Is left-handedness the key to the universe?

Well, Chris McManus thinks so. In his new book Left Hand, Right Hand, he argues that asymmetry is the key to understanding virtually every mystery of the universe — from sub-atomic behavior (the lefthanded spin of neutrinos) to psychology (why most cultures regard “right” as more normal and correct than “left”) to human physiology: Ever wonder what it means that almost everyone’s heart is on the left side of our bodies? (Unless you’re one of the rare people McManus locates who have a heart on their right side; or unless you’re a Time Lord and you have two.)

Most mindblowingly, McManus argues that our preference for right-handedness is a direct result of interstellar lifeforms brought to Earth by crashing meteors about a jillion years ago. I am not making this up. There’s an excellent piece about the book in last weekend’s Ideas section of the Boston Globe, written by my gal Emily Nussbaum, who also writes the Summary Judgment column for Slate:

According to McManus, all life forms possess some variation on handedness, from the molecular level on up. Neutrinos are lefties, DNA twists to the right, and conch shells spin both ways. Mechanical objects from spiral staircases to corkscrews are notable for their asymmetrical swirls, while the human brain’s right and left hemispheres famously work together in a peculiarly lopsided vaudeville act. McManus further suggests that the asymmetry of molecules may trigger asymmetry all the way up the evolutionary ladder. Indeed, the seemingly symmetrical human body is in fact a Rube Goldberg machine of asymmetry, with tiny clockwise swirling cilia triggering the development of our typically left-sided heart, and the heart likewise knocking the rest of the internal organs into their efficient, unbalanced tangle of tubes and sacks. The left testicle, for instance, droops lower not because (as the ancient Greeks suspected) it is heavier, but because the snarl of inner tubes dictated by the heart simply makes that position more efficient.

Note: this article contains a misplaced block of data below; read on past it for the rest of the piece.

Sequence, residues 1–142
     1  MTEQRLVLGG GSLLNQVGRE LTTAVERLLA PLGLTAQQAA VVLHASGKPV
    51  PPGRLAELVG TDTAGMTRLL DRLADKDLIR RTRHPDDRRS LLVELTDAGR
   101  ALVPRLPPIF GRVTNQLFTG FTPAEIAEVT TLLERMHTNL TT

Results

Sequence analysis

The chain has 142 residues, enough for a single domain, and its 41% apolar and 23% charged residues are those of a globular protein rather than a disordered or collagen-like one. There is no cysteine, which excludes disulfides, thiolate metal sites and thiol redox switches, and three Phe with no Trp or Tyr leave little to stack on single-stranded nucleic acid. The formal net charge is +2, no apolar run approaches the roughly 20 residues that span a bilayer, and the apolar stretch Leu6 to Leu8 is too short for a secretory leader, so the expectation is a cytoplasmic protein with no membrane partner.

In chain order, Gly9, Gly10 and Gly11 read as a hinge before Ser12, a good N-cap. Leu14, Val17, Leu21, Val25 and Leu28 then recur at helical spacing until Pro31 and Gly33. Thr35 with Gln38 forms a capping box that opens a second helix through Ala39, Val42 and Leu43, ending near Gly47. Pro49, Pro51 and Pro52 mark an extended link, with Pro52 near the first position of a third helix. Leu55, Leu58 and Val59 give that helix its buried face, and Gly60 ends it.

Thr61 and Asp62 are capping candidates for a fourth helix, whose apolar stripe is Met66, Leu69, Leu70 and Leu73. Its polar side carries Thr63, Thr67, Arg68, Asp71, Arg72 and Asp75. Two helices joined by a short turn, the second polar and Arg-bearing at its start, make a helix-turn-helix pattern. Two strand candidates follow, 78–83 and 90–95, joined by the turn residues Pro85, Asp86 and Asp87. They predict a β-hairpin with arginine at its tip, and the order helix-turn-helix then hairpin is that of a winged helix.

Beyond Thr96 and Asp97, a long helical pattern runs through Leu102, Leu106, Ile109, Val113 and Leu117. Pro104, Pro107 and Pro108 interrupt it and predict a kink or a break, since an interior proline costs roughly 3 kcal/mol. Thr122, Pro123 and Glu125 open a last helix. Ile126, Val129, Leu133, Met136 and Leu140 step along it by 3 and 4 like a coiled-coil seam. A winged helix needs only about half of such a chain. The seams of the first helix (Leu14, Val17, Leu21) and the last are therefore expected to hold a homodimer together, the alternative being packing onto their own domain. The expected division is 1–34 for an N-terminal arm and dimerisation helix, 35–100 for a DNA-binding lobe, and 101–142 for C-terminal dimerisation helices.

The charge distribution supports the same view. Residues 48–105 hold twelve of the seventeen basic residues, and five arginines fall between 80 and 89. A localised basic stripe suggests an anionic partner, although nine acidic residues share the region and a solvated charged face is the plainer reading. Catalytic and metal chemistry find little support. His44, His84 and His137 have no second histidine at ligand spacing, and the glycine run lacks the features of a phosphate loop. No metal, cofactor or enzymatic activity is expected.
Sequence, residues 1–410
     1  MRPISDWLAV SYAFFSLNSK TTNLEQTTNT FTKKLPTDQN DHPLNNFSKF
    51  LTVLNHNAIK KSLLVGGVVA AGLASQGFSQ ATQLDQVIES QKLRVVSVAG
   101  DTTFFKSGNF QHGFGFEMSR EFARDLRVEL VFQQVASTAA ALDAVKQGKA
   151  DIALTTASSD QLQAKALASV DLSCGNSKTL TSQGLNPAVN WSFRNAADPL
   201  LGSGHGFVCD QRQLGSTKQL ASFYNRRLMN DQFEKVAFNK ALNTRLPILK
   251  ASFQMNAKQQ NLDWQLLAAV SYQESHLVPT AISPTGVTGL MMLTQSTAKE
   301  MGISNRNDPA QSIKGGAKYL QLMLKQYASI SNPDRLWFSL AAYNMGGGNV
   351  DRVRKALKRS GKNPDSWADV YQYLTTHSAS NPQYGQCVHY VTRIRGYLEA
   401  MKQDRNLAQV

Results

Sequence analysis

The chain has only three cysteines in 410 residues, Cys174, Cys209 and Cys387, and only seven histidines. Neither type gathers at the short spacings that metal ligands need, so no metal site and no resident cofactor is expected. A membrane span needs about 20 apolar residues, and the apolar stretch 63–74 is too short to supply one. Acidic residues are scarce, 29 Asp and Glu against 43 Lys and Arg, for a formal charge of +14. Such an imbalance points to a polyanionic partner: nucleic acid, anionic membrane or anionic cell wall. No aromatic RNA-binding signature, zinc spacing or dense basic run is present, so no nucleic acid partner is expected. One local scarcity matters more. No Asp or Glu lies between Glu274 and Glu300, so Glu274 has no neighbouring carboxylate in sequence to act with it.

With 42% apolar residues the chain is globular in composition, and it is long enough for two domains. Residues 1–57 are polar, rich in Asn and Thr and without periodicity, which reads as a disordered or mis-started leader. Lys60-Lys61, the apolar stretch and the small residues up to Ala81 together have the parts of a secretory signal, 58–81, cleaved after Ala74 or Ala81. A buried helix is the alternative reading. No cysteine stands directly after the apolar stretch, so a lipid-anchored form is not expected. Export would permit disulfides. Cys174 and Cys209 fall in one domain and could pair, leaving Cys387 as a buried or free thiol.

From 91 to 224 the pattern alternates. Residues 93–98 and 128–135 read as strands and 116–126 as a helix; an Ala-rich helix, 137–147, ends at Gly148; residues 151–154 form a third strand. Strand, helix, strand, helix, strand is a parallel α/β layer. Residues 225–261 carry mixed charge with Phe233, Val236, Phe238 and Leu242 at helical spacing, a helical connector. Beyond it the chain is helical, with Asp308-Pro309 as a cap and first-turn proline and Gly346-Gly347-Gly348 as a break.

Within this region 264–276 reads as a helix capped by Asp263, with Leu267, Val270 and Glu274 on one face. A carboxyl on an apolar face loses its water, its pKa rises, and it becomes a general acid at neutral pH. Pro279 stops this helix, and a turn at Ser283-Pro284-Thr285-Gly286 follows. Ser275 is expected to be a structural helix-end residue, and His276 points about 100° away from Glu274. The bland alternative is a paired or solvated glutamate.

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I'm Clive Thompson, the author of Smarter Than You Think: How Technology is Changing Our Minds for the Better (Penguin Press). You can order the book now at Amazon, Barnes and Noble, Powells, Indiebound, or through your local bookstore! I'm also a contributing writer for the New York Times Magazine and a columnist for Wired magazine. Email is here or ping me via the antiquated form of AOL IM (pomeranian99).

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